Understanding Your Septic System

There are many homes throughout the country–both in rural areas and in neighborhoods–that do not have sewage lines available, so in-ground septic systems are installed. They are built by the plumbing contractor and follow strict, pre-engineered guidelines, according to state regulations and local building departments’ requirements. When installed properly and correctly maintained, they will work well and can last a lifetime. Use the following guidelines for understanding your septic system so that you can avoid costly and inconvenient repairs.

Septic systems may sound foreign and intimidating, but the process is fairly straightforward. The house’s main sewer line dumps into the tank, depositing the solids at the bottom while the grease and fats float to the top. Then the liquids spill out the top side into the drain field, allowing the liquids to percolate into the ground.

In order to keep the septic system in your Longwood¬†home running properly, it is best to follow a few simple rules. You do not want to dump solid objects, grease, or fats into your toilets or sinks; do not use your disposal as a garbage dump (in fact, it’s best not to use it at all); and do not pour chemicals or bleach down the drain. The chemicals can interfere with the microbe bacteria breakdown process and cause a problem with your tank and drain field.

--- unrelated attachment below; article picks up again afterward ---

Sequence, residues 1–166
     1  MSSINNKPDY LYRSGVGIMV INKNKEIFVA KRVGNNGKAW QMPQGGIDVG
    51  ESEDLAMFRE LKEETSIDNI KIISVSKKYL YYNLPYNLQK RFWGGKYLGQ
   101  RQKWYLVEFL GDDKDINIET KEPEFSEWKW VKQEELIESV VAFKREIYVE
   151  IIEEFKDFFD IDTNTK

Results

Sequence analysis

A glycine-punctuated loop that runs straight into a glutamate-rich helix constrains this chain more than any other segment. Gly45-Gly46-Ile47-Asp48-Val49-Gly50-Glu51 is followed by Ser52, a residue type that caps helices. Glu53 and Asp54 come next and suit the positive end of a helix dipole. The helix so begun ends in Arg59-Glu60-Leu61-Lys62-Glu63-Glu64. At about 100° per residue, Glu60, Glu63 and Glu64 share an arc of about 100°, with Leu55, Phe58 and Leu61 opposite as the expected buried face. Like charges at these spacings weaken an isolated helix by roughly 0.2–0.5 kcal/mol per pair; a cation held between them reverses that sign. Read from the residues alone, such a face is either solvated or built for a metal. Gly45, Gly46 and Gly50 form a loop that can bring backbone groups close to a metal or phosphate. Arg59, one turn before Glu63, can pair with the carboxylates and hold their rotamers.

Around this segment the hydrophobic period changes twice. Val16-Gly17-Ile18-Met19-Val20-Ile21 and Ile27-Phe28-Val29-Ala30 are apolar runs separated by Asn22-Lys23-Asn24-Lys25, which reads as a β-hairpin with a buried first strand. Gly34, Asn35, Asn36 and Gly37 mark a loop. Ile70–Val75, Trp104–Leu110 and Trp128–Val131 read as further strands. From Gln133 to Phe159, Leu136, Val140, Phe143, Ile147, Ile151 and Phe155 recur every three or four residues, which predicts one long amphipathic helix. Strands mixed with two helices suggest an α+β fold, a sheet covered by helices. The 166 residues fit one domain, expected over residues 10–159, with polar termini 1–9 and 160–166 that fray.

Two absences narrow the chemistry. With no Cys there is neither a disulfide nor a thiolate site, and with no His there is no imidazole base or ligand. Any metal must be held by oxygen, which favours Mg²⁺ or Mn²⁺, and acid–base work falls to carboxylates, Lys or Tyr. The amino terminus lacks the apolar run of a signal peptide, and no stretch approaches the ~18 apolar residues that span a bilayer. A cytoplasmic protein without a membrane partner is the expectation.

The industry recommends that you have your tank pumped out every 5 years (under proper use). After a while, the bottom of the tank builds up with sludge and the top is covered with a layer of floating, scummy debris. If there is an excessive buildup of debris, it will spill over into your drain field and create a non-porous coating, which will prevent the liquids from percolating into the soil. You’ll have no problem knowing when this has occurred, as you’ll notice the sewage will begin to back up into your toilets and into your shower basin. Usually the only cure for this is to dig up your drain field and install a new system. This is why properly using and maintaining your system is very important.

Also, keep trees and shrubs far away from your septic tank (the root systems can interfere) and do not drive across or build a structure over it. In the long run, having your own sewage system can save you a lot of money, but improperly using or maintaining it can cost you a lot of money.

© , Contemporary Electric, All Rights Reserved, State Licence #EC13003014